Relative humidity: Record low values of relative humidity were set in Melbourne and other sites in Victoria on 7 February, with values as low as 5% in the late afternoon. While very long-term high quality records of humidity are not available for Australia, the very low humidity is likely associated with the unprecedented low rainfall since the start of the year in Melbourne and the protracted heat wave. No specific studies have attributed reduced relative humidity in Australia to anthropogenic climate change, but it is consistent with increased temperatures and reduced rainfall, expected due to climate change in southern Australia.
Wind speed: Extreme fire danger events in south-east Australia are associated with very strong northerly winds bringing hot dry air from central Australia. The weather pattern and northerly winds on 7 February were similar to those on Ash Wednesday and Black Friday, and the very high winds do not appear to be exceptional nor related to climate change.
Drought factor: As mentioned above, Melbourne and much of Victoria had received record low rainfall for the start of the year. Melbourne had 35 days with no measurable rain up to 7 February, the second longest period ever with no rain, and the period up to 8 February, with a total of only 2.2 mm was the driest start to the year for Melbourne in more than 150 years (2). This was preceded by 12 years of very much below average rainfall over much of south-east Australia, with record low 12-year rainfall over southern Victoria (2). This contributed to extremely low fuel moisture (3-5%) on 7 February 2009. While south-east Australia is expected to have reduced rainfall and more droughts due to anthropogenic climate change, it is difficult to quantify the relative contributions of natural variability and climate change to the low rainfall at the start of 2009.
Although formal attribution studies quantifying the influence of climate change on the increased likelihood of extreme fire danger in south-east Australia have not yet been undertaken, it is very likely that there has been such an influence. Long-term increases in maximum temperature have been attributed to anthropogenic climate change. In addition, reduced rainfall and low relative humidity are expected in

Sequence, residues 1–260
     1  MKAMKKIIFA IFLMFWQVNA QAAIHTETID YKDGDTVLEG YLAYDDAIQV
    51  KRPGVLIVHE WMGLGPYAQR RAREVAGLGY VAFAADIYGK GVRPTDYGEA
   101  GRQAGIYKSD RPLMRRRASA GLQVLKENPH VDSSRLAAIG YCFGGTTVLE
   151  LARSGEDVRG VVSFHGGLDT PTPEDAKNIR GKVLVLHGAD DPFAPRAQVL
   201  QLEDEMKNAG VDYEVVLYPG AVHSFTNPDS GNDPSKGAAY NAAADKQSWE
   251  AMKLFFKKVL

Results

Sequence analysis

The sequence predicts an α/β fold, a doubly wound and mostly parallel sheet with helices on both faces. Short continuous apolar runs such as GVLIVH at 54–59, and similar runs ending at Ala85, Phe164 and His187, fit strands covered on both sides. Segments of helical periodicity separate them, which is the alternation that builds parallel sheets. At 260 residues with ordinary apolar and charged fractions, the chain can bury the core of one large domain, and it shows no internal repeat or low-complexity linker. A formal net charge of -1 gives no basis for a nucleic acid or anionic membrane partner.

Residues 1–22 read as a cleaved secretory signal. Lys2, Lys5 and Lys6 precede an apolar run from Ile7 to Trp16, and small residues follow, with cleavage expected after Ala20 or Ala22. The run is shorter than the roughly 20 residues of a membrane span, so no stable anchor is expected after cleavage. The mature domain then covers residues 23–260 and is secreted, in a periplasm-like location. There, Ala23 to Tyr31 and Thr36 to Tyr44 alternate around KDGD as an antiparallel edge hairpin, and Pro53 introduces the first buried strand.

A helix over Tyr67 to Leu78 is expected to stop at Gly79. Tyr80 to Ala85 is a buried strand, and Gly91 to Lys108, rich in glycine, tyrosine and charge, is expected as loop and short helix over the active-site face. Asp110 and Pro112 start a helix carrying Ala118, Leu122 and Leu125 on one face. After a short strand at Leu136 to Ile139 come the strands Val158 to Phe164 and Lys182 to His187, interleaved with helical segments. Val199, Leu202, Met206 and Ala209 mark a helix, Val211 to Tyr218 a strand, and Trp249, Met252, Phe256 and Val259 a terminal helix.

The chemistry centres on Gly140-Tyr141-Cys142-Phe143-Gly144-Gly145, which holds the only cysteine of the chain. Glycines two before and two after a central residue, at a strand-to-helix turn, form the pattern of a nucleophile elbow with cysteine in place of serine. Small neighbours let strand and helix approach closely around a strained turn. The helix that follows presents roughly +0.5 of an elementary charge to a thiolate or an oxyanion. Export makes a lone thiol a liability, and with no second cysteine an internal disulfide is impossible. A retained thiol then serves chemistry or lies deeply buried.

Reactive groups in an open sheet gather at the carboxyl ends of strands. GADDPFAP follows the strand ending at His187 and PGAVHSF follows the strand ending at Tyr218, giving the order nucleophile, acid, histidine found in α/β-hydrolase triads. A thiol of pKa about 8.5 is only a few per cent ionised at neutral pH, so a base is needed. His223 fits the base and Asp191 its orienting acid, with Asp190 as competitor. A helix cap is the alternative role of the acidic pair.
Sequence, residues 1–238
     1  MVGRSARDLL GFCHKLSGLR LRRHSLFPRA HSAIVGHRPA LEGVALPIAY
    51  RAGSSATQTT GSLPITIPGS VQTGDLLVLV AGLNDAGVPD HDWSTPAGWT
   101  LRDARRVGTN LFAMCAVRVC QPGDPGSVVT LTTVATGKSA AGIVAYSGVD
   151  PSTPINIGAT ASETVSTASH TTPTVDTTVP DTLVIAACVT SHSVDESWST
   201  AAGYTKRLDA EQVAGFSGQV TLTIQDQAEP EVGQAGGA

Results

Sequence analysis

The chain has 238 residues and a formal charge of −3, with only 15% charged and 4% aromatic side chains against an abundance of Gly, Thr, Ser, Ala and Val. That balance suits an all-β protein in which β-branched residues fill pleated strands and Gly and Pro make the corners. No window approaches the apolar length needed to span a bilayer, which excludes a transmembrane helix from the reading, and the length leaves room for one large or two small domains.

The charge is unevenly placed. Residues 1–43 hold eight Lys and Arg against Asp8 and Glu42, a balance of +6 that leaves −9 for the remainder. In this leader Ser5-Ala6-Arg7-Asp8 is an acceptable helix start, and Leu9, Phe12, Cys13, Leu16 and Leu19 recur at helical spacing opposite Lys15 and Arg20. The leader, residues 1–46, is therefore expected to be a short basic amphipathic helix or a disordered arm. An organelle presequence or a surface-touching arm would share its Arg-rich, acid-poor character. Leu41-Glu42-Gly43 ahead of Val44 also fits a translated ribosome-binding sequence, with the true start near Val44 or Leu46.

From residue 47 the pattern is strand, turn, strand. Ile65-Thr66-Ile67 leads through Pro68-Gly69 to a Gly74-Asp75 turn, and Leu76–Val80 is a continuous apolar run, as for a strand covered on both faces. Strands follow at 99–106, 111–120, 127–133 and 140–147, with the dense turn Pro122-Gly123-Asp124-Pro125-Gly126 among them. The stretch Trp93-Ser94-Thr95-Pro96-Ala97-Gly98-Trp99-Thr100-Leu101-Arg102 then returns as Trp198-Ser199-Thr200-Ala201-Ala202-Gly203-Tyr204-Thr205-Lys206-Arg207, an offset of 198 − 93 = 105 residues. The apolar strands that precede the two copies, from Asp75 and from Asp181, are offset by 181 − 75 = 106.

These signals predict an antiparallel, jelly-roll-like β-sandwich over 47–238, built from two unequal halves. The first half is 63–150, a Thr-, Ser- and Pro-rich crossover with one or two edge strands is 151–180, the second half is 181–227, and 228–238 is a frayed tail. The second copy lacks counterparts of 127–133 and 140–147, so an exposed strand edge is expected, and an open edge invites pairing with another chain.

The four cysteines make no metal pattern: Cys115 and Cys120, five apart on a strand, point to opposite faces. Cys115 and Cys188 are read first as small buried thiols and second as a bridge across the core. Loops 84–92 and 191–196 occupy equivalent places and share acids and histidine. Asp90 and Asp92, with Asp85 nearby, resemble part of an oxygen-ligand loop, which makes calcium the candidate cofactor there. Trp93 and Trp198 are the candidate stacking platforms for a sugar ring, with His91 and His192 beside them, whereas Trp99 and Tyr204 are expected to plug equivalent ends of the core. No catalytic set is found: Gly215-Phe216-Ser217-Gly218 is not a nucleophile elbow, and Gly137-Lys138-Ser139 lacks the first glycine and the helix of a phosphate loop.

southern Australia due to anthropogenic climate change. The FFDI for a number of sites in Victoria on 7 February reached unprecedented levels, ranging from 120 to 190, much higher than the fire weather conditions on Black Friday or Ash Wednesday, and well above the “catastrophic” fire danger rating (1).
Of course, the impacts of anthropogenic climate change on bushfires in southeast Australia or elsewhere in the world are not new or unexpected. In 2007, the IPCC Fourth Assessment Report WGII chapter “Australia and New Zealand” concluded
An increase in fire danger in Australia is likely to be associated with a reduced interval between fires, increased fire intensity, a decrease in fire extinguishments and faster fire spread. In south-east Australia, the frequency of very high and extreme fire danger days is likely to rise 4-25% by 2020 and 15-70% by 2050.
Similarly, observed and expected increases in forest fire activity have been linked to climate change in the western US, in Canada and in Spain (Westerling et al, 2006; Gillett et al, 2004; Pausas, 2004). While it is difficult to separate the influences of climate variability, climate change, and changes in fire management strategies on the observed increases in fire activity, it is clear that climate change is increasing the likelihood of environmental conditions associated with extreme fire danger in south-east Australia and a number of other parts of the world.
References and further reading:
(1) Bushfire Weather in Southeast Australia: Recent Trends and Projected Climate Change Impacts, C. Lucas et al, Consultancy Report prepared for the Climate Institute of Australia by the Bushfire CRC and CSIRO, 2007.
(2) Special Climate Statement from the Australian Bureau of Meteorology “The exceptional January-February 2009 heatwave in south-eastern Australia”
Karoly, D. J., and K. Braganza, 2005: Attribution of recent temperature changes in the Australian region. J. Climate, 18, 457-464.
Alexander, L.V., and J. M. Arblaster, 2009: Assessing trends in observed and modelled climate extremes over Australia in relation to future projections. Int. J Climatol., available online.
Hennessy, K., et al., 2007: Australia and New Zealand. Climate Change 2007: Impacts, Adaptation and Vulnerability. Contribution of Working Group II to the Fourth Assessment Report of the Intergovernmental Panel on Climate Change, M.L. Parry, et al., Eds., Cambridge University Press, Cambridge, UK, 507-540.
Westerling, A. L., et al., 2006: Warming and Earlier Spring Increase Western U.S. Forest Wildfire Activity. Science, 313, 940.
Gillett, N. P., et al., 2004: Detecting the effect of climate change on Canadian forest fires. Geophys. Res. Lett., 31, L18211, doi:10.1029/2004GL020876.
Pausas, J. G., 2004: Changes In Fire And Climate In The Eastern Iberian Peninsula (Mediterranean Basin). Climatic Change, 63, 337–350.